A special interest-funded analysis found seven EPA regulations would negatively impact the coal-based electricity industry and reduce US employment by 1.5 million jobs over the next four years.
The report, “Economic Implications of Recent and Anticipated EPA Regulations Affecting the Electricity Sector,” was conducted by National Economic Research Associates on behalf of the American Coalition for Clean Coal Electricity, a non-profit partnership of companies involved in producing electricity from coal.
NERA analyzed seven EPA regulations that affect coal-fueled electricity generation, including Mercury and Air Toxics Standards, regional haze, national ambient air quality standards (NAAQS) for ozone, SO2 NAAQS, PL 2.5 NAAQS, 316(b) and coal combustion residuals.
The analysis evaluated three scenarios. The first two make different assumptions about the timing of ozone compliance costs; the third assumes slightly higher natural gas prices than current projections. The analysis did not include the potential effects of EPA’s planned greenhouse gas regulations for existing coal-fired units.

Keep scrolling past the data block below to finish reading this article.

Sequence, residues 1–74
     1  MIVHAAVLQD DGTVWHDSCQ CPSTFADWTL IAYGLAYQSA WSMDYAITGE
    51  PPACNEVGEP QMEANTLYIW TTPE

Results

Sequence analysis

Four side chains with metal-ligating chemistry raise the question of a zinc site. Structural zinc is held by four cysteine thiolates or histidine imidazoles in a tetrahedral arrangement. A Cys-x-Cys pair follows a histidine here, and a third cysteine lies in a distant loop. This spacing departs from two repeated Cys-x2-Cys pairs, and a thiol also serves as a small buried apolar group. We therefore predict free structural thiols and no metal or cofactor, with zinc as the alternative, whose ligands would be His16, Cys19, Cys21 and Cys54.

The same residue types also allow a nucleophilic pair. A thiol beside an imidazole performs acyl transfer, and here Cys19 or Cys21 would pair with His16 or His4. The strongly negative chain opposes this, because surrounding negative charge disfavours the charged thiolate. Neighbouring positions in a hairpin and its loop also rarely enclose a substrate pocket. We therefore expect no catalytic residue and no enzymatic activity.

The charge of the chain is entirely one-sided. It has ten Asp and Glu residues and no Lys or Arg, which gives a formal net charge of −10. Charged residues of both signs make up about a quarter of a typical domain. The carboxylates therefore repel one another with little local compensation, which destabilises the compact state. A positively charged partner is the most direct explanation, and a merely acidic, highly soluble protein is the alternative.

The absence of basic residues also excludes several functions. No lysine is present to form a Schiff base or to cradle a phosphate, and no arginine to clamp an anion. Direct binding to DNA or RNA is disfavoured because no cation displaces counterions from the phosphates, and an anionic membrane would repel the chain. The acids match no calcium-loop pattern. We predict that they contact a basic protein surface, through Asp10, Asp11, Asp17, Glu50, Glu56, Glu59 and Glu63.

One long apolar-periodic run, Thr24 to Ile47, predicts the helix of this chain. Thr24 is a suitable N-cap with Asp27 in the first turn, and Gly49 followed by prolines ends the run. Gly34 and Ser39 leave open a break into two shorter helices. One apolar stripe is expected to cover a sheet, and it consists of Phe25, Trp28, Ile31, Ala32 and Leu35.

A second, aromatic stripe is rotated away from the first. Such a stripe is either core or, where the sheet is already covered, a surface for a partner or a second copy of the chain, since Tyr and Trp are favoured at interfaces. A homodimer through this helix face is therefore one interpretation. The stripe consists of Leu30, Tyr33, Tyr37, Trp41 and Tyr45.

The analysis found compliance costs for the electric sector could total between $198 billion to $220 billion from 2013 to 2034 and average $15 billion to $16.7 billion a year. Peak year compliance costs could total $36 billion to $44 billion.
Coal-fired power capacity shutdowns are projected to total 54,000 MW to 69,000 MW, mostly due to EPA regulations, the NREA report said.
US employment losses will average 544,000 to 887,000 a year from 2013 to 2034, the report said. The employment losses take into account the net effect of jobs that are lost, for example due to higher energy prices, and jobs that are created, such as construction of pollution controls, by these regulations.
The Electric Power Research Institute said earlier this month that current and pending EPA power plant regulations could cost the US economy up to $275 billion between 2010 and 2035 if the regulatory timeline is followed. The EPRI said power companies could save the economy about $100 billion over that same time period if the EPA were to make regulations more flexible.
The analysis, which updated preliminary finding released by EPRI in May, suggests giving power plants some flexibility and more time to meet regulations would achieve the same level of environmental compliance while reducing the financial burden on utilities.